CLOUD Act has a human rights problem

Denham Sadler
National Affairs Editor

Legislation paving the way for a data-sharing deal with the US “does not provide adequate safeguards to protect human rights”, according to an international coalition of tech groups that includes Google and the Internet Society.

The Parliamentary Joint Committee on Intelligence and Security (PJCIS) is currently inquiring into the Telecommunications Legislation Amendment (International Production Orders) Bill 2020.

The legislation lays the groundwork for Australia to enter into an agreement with the US under the CLOUD Act, which would facilitate expedited data sharing between jurisdictions.

The arrangement would allow American authorities to request data from an Australian company directly without going through local authorities, and vice versa, providing a quicker method than the existing mutual assistance notice system.

Parliament House
Casts a shadow: The CLOUD Act provisions have a human rights problem

The legislation was introduced to Parliament in early March and quickly referred to the committee for inquiry by Home Affairs Minister Peter Dutton.

In a submission to the inquiry, the International Civil Liberties and Technology Coalition, whose members include Google, Access Now, Privacy International and the Internet Society, urged the Australian government to make changes to the legislation.

In its current form, the international coalition said the bill “does not provide adequate safeguards to protect human rights”.

The group of civil society organisations said there are “significant revisions” needed to fix a range of issues with the bill. These include a lack of prior judicial review, insufficient notice and transparency, and a failure to provide a clear mechanism to challenge a request for data.

The legislation should require improved independent oversight for any request made under the data-sharing deal, the groups argued.

“As companies and advocates alike have argued throughout the CLOUD Act debate, to ensure that this is a rights-protective regime, any government seeking to send law enforcement demands directly to a foreign provider must be required to implement prior independent judicial authorisation based on a meaningful minimum legal and factual showing,” the submission said.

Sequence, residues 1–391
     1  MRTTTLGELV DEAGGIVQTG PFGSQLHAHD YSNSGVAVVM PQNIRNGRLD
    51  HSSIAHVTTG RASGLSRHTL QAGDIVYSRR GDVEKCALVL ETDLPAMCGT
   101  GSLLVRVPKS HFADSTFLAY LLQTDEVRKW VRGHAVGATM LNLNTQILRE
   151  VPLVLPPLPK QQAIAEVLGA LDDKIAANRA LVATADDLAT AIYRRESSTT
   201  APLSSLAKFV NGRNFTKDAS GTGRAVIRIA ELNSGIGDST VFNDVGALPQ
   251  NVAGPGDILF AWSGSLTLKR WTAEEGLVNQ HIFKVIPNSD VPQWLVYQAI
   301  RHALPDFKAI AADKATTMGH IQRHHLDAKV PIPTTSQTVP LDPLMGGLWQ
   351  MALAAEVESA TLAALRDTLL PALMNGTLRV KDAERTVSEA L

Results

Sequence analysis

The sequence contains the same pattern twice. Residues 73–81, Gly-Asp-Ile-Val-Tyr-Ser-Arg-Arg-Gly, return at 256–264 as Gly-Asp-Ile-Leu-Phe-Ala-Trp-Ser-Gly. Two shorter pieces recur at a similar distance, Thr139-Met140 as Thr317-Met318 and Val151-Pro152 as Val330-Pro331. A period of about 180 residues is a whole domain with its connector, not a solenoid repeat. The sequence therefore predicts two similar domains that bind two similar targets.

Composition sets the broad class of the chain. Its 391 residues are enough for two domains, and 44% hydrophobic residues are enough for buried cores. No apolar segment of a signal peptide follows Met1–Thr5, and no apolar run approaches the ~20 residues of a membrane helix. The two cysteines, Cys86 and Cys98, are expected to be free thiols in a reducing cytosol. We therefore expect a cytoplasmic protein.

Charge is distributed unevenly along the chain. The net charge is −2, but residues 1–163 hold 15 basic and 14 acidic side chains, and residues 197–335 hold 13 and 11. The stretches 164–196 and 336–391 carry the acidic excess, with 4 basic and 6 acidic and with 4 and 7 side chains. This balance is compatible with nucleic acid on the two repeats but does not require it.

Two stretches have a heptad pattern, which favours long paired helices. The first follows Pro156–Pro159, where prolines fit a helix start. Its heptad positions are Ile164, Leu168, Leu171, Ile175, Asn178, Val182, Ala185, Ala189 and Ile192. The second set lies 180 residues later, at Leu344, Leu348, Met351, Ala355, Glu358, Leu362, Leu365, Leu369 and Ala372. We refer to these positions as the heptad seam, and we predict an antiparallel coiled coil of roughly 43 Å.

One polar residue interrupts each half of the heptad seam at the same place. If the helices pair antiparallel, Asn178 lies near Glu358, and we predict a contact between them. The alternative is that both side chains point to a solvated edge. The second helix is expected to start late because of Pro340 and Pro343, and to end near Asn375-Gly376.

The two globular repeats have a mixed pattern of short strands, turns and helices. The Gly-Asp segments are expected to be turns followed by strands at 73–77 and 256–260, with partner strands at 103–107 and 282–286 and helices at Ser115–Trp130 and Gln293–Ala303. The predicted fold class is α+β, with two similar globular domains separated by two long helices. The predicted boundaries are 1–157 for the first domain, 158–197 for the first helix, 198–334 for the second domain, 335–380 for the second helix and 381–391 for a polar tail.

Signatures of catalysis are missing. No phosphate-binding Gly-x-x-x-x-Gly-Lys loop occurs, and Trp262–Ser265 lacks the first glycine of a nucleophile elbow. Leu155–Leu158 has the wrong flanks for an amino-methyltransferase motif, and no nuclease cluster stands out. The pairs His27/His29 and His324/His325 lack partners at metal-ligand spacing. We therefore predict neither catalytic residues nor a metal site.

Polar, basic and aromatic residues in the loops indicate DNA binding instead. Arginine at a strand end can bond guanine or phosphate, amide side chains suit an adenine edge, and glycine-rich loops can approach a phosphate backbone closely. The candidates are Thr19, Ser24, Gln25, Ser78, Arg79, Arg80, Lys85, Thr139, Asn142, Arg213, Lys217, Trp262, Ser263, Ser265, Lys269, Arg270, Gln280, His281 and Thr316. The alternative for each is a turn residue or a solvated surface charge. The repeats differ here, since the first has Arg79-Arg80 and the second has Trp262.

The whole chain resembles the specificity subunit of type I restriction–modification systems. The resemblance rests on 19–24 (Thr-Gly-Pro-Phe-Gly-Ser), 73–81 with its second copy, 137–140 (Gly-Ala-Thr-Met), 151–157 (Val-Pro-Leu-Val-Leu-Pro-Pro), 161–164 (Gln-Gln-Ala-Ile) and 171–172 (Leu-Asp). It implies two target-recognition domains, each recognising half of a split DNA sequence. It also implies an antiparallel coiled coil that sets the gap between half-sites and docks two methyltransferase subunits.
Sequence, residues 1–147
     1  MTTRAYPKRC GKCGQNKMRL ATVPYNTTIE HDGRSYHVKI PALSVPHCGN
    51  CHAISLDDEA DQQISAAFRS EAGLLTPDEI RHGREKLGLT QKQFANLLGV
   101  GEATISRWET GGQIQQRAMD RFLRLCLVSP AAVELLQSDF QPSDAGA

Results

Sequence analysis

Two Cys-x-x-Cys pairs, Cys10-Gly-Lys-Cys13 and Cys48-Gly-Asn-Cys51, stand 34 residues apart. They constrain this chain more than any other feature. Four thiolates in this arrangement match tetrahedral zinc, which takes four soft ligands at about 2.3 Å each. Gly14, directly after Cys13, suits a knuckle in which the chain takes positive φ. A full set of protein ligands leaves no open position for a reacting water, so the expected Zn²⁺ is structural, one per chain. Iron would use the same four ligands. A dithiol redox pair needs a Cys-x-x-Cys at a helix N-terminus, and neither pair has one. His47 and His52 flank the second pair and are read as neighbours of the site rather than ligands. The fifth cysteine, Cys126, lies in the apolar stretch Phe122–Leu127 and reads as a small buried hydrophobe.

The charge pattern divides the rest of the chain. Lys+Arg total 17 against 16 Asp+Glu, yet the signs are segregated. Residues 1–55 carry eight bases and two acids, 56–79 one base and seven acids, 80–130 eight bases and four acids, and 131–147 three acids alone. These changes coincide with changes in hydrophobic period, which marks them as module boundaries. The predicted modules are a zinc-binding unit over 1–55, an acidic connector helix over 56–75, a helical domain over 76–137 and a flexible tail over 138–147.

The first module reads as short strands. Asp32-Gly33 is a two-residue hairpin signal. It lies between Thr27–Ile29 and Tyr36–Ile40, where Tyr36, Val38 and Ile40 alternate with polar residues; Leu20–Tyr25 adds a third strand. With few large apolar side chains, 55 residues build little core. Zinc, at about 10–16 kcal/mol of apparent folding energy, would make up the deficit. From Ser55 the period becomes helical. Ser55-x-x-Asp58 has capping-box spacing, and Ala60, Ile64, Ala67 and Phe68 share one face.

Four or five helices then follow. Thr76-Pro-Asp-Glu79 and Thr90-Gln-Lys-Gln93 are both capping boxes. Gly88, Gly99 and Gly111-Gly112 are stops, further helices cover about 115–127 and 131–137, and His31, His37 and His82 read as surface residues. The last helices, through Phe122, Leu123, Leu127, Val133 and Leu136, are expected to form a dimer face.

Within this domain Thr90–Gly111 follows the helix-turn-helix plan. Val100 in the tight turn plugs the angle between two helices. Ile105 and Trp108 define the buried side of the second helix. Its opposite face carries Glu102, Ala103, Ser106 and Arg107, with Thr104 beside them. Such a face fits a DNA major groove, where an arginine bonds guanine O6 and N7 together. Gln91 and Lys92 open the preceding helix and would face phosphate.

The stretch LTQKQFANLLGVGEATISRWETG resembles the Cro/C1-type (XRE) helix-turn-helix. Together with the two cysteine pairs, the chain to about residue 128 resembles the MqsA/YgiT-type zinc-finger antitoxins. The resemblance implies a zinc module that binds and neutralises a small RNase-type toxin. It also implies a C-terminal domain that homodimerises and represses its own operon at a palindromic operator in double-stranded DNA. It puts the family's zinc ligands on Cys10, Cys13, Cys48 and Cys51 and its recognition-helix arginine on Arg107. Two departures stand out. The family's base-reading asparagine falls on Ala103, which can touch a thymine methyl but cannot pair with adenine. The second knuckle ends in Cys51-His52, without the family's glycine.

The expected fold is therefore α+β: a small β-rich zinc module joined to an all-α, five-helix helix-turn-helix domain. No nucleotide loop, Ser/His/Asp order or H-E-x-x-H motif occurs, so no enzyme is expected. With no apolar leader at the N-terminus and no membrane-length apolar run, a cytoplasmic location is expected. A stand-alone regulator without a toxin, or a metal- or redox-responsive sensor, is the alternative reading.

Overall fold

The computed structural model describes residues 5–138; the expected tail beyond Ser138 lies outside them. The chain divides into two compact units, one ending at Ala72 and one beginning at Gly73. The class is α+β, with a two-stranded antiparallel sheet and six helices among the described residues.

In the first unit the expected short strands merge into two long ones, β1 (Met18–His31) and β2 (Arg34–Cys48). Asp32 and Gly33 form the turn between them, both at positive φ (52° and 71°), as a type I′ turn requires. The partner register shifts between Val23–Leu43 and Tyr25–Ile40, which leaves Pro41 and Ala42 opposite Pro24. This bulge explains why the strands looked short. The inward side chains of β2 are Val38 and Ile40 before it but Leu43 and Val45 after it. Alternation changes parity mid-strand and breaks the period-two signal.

“Judicial authorisation under a robust privacy standard would provide a critical safeguard against overbroad and unlawful demands for customer data.”

The current bill also doesn’t include a requirement for government officials to notify the subjects of data requests, whether that’s an individual or company, when a request for data has been made.

“Providing notice should be a duty of governments. It should not be left to the discretion of providers and individuals cannot be barred from exercising their rights,” they said.

There also needs to be a clear outline of how companies or individuals can challenge a request for data, with the current bill “failing to provide a sufficient procedure for challenges, and clear standards for approval or denial of those challenges”.

In another submission, Western Australia Police asked for more information about the new powers included in the legislation, but said they could be a “highly valuable investigative tool”.

“The WA Police Force require more information and guidance as to what services are able to be intercepted from overseas carriers, especially those that originate in the USA. If the restrictions imposed by encrypted services (such as WhatsApp, Viber, Facebook Messenger) may be overcome to enable live interceptions, we expect that the IPO framework under the bill will provide law enforcement officers with a highly valuable investigative tool,” the submission said.

The PJCIS is due to report back on the International Production Orders bill by 26 June.

Do you know more? Contact James Riley via Email.

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